Clayton’s Page


Art is the thread that weaves everything together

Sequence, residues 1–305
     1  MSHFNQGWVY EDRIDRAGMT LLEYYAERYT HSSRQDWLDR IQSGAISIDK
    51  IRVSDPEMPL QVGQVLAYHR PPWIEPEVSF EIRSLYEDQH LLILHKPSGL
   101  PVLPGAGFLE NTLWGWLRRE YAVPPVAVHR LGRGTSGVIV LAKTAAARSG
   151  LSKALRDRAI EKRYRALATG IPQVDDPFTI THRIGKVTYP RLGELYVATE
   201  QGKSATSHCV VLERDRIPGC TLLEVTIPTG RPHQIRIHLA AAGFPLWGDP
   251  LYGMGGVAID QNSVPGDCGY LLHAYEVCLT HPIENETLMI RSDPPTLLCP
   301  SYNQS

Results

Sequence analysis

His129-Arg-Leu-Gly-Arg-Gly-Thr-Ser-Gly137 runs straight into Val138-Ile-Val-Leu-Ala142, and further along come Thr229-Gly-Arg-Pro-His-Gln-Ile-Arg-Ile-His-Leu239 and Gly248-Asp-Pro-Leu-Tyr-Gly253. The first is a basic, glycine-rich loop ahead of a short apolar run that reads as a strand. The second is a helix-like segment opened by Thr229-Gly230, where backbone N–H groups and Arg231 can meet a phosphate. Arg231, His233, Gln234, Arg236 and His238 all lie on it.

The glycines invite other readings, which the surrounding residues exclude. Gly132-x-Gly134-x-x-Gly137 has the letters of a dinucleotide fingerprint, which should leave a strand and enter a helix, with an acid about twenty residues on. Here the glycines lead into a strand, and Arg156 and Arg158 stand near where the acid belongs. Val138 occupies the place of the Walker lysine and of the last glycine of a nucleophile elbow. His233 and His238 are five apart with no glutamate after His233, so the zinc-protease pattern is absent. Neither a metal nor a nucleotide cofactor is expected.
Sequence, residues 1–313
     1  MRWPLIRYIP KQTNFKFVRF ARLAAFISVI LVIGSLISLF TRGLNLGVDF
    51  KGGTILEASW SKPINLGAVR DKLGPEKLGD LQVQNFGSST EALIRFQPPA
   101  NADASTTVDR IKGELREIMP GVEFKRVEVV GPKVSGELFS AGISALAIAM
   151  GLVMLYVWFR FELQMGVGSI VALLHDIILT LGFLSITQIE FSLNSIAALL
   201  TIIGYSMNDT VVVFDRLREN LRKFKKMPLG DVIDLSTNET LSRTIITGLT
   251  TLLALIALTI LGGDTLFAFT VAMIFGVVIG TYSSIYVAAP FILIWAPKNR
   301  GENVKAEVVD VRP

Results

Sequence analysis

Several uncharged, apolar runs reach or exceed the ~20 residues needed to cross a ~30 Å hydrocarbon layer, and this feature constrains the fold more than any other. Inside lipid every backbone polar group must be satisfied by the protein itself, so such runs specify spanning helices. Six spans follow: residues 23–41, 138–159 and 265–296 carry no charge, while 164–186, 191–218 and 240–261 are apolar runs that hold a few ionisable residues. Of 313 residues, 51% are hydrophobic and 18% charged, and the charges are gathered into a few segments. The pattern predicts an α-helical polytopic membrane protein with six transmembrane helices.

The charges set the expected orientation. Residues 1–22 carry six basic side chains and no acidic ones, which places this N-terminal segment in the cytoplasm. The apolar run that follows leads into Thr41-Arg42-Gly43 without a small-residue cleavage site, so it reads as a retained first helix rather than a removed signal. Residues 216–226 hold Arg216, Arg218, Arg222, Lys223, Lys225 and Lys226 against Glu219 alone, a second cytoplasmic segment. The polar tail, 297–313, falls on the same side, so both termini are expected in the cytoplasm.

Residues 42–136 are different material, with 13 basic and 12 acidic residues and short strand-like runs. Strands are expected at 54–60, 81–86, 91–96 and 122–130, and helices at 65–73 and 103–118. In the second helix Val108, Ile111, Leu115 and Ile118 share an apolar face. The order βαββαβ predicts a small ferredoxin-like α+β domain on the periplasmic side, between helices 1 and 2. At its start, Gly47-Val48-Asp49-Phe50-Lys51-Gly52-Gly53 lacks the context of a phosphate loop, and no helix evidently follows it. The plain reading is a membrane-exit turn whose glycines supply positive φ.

“It’s interesting how everything on the Lower East Side is all woven together,” observed documentarian Clayton Patterson. In his photo at left, legendary poets Jorge Brandon, known as “El Coco Que Habla” (“The Talking Coconut”), left, and Bittman “Bimbo” Rivas performed at an East Village squatters’ benefit in the late 1980s. Rivas, who died at age 52 in 1992, and who was also a teacher, playwright and community activist, coined the name “Loisaida” for the Lower East Side. Brandon, called “The father of Nuyorican poetry,” died at 93 in 1995. He began reciting poetry on the streets in the 1940s, using forms like decima, a Puerto Rican poetry style. Hanon Reznikov, right, with Judith Malina, in photo at right, which was taken in the 1980s, was The Living Theatre’s director for 23 years until he died in 2008 at age 57. He became the avant-garde theater’s director after co-founder Malina’s husband, Julian Beck, died in 1985. “I documented Jorge performing his poetry when the new Nuyorican Poets Cafe opened on Third St.,” Patterson recalled. “And I documented Bimbo’s last performance — at The Living Theatre — a play about [accused cop shooter] Larry Davis called ‘Echoes of Justice,’ written by Xavier Mohammed.”